You can also use an external USB CD-ROM drive to start your computer from with the Ubuntu CD inside.
If you are using Windows, you can start the Wubi.exe program found in the Ubuntu install CD to install Ubuntu within Ubuntu by using the Windows Ubuntu Installer file which is Wubi.exe.
To start your computer from the Ubuntu CD, or USB flash drive with Ubuntu copied on it, you just leave it in during computer start up, or setup your computer to look for a CD or USB drive before starting from a hard drive.
DVD-R have more space for burning files, but can also be used to burn the Ubuntu install CD.
You can also use DVD to burn data cds, movie dvds, and other discs.
You can use a USB flash drive as a bootable USB live drive to more quickly boot into Ubuntu installers, and it is more quiet then the install CD because flash drives make no sound when on. With 16GB of free space on this flash drive, you have plenty of space for also carrying your personal files with you since the Ubuntu Installer, and live USB only need about 700MB of free space, so with a Live USB it would be like carrying your computer with you with all your files inside your drive.
This USB drive also features a retractable plug, so there is no USB cap to lose, and your USB plug is protected from being bent when it is retracted into the case.
Ubuntu 11.10 Review based on using it for a few months
few month review on Ubuntu 11.10 from an actual user.
I have been using Ubuntu 11.10 for almost half a year, and it has been a very stable operating system. It rarely crashes, or randomly reboots like other operating system I use which I paid for like Windows 7, Vista, and 98.
Ubuntu 11.10 is pretty easy to use. The Internet, sound, video, keyboard, and mouse works after I install it, or run it from the Ubuntu Linux LiveCD which you can use to test if your computer is fast enough, or its hardware is compatible with Ubuntu before you install it on your PC or laptop by first trying it out from the install CD by starting your computer from the Ubuntu Live Desktop install CD.
The amount of free software available for Ubuntu Linux 11.10 which can be found at the Ubuntu Software Center, or by searching the internet via Google, Ubuntu.com, and other websites for Ubuntu compatible software. There is software for photo editing like Gimp, Media Playback like VLC media Player, SM Player, and office work like LibreOffice.
Ubuntu also comes with Firefox, and Thunderbird, so you can start browsing the web, and checking e-mail right away. It is also very easy to install the Adobe Flash Player, and Java to watch online video from YouTube, and other online video streaming websites.
You can also install Google Chrome,Chromium, Opera, and other web browsers for Ubuntu if you prefer a different web browser then the default Firefox web browser.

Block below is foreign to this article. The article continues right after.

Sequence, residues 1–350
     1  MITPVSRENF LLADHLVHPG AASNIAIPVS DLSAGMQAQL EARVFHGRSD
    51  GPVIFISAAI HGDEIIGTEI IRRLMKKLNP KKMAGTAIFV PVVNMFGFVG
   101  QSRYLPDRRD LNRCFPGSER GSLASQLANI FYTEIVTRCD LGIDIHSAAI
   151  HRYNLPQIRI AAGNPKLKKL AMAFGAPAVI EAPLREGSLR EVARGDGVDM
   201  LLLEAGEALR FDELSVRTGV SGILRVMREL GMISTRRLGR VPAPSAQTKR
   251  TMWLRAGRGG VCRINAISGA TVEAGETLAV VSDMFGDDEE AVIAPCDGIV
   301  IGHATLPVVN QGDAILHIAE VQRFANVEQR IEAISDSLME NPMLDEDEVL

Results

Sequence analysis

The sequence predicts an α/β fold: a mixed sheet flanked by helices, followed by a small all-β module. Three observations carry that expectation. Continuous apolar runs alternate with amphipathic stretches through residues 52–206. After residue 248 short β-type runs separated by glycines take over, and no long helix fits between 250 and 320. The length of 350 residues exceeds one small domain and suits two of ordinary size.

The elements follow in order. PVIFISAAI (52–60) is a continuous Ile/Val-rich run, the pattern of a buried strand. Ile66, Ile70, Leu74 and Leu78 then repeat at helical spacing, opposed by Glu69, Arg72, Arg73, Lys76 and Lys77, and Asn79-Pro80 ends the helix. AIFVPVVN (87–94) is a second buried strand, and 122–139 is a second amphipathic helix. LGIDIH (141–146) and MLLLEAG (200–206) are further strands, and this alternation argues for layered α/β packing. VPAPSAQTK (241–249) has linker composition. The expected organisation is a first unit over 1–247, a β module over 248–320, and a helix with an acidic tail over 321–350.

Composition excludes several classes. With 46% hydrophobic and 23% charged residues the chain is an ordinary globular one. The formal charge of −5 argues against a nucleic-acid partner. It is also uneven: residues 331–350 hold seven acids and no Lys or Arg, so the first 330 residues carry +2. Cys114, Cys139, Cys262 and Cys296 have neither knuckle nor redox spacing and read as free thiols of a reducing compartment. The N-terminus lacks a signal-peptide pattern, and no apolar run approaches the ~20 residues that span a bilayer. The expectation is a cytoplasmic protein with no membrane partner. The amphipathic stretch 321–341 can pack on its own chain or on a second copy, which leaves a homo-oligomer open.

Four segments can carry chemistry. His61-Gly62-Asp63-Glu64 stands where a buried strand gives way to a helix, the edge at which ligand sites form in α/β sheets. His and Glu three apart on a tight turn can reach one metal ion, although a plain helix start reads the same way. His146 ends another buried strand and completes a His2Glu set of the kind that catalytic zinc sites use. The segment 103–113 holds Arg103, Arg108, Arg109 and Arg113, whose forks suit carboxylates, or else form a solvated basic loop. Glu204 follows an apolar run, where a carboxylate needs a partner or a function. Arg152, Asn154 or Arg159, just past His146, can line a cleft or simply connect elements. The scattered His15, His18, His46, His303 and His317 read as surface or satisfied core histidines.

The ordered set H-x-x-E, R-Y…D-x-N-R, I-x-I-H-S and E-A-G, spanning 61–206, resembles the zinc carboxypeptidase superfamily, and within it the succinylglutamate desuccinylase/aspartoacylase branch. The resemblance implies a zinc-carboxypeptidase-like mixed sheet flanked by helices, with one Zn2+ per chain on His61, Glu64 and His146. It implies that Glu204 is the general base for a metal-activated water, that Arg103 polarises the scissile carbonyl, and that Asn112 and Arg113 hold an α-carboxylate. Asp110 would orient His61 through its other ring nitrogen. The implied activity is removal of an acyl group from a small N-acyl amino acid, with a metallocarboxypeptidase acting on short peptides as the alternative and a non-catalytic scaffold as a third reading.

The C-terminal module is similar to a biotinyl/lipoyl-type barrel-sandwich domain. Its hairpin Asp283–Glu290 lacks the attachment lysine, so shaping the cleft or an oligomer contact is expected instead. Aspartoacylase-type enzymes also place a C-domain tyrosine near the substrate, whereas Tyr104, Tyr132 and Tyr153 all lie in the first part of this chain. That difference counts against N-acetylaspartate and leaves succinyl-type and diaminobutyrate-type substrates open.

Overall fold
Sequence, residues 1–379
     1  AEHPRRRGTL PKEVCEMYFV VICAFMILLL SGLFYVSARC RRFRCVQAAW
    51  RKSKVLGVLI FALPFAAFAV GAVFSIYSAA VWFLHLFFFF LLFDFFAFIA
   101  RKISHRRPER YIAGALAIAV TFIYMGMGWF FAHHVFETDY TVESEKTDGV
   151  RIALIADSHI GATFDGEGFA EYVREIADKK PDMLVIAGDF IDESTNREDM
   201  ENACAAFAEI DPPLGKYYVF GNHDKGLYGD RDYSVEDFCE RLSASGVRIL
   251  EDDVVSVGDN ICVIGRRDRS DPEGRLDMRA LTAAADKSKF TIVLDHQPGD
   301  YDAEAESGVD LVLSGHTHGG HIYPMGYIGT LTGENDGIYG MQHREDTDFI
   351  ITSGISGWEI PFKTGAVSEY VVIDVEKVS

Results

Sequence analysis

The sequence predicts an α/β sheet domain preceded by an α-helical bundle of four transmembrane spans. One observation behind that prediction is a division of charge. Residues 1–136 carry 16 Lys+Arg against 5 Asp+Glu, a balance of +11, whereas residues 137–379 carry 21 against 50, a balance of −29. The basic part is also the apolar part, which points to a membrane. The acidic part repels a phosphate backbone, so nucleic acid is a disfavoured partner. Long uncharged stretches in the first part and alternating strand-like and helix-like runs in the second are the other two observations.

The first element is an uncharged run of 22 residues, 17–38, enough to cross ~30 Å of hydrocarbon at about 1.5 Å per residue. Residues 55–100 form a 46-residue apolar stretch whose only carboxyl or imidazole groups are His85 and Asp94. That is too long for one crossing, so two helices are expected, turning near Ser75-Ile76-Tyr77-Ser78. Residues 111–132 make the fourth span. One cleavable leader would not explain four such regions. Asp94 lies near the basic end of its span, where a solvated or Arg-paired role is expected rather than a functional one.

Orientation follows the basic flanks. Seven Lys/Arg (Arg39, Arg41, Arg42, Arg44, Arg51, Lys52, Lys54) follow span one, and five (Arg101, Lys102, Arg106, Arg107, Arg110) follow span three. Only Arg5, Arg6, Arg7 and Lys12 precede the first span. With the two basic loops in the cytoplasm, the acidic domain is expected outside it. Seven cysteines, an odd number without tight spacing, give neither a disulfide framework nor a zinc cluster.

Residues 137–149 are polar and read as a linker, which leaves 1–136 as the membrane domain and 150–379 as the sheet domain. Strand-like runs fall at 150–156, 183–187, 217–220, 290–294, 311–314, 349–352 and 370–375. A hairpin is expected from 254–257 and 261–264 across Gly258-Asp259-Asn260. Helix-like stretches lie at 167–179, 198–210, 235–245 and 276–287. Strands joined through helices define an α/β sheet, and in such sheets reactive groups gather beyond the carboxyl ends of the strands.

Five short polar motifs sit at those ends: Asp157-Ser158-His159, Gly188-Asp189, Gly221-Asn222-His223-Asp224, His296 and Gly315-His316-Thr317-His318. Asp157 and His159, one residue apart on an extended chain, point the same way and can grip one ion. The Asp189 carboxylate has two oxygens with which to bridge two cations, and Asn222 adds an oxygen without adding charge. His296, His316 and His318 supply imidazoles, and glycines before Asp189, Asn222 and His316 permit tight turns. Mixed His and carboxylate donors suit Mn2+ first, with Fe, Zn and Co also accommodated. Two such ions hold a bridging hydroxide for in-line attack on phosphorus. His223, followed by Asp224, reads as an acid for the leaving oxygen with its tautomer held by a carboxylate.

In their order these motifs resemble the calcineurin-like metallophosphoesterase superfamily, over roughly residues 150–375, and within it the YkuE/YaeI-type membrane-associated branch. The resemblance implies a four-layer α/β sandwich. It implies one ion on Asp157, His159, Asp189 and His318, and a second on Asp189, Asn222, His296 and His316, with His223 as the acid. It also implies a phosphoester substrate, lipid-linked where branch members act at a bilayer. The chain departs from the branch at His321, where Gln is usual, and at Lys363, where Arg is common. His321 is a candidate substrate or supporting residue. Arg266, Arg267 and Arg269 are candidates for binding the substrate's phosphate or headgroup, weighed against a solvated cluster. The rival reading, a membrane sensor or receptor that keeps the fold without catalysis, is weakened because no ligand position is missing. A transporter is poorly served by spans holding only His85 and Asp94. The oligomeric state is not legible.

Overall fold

Best of all, most of the software which is compatible with Ubuntu is ad-free, and runs pretty quickly as long as your computer is compatible with Ubuntu and meet the system requirements for Ubuntu 11.10.
My computer only has a 1.86GHz CPU, 1GB of RAM, 320GB hard drive, and it runs Ubuntu 11.10 pretty well. When I want better speeds, I can install the LXDE theme to make Ubuntu more basic looking, but run even faster. I feel by switching to Ubuntu as my main operating system of choice I am more productive since my computer starts in under a minute, and I don't have to fix errors, defrag my hard drive, run a bunch of Windows security scans, registry cleaners, and disk clean up utilities which can take a long time to scan, and slow down my PC when I'm using it. By using Ubuntu, I just turn on my PC, and can open up my web browser, type a document, work on a spreadsheet, and reply to an e-mail at once, and don't have to regularly run maintenance and computer security software like Windows.
Keeping Ubuntu running well is pretty easy since it automatically checks for drive errors, so I don't need to check for errors manually like Windows, and Ubuntu also automatically check for Updates, and notify you to install updates as they become available. Installing Updates on Ubuntu is easy. I just have to press the Install Updates button, and wait for the updates to finish downloading and installing. In some cases, I need to restart my PC to install Updates, but for most regular updates I don't need to, and can continue using my computer when Ubuntu is updating.
I also like that it is easy to use different themes like Gnome, LXDE, KDE, XFCE, etc to change the appearance of Ubuntu, and make it run even faster by using a more basic theme for Ubuntu instead of the default Unity theme. You can search the Ubuntu Software Center or online for third party themes for Ubuntu, or you can install Lubuntu, Kubuntu, and Xubuntu to use Ubuntu without the Unity user interface, and use LXDE, KDE, or XFCE user interface as your default user interface instead.
Ubuntu Linux saves you Money, time, and is fun.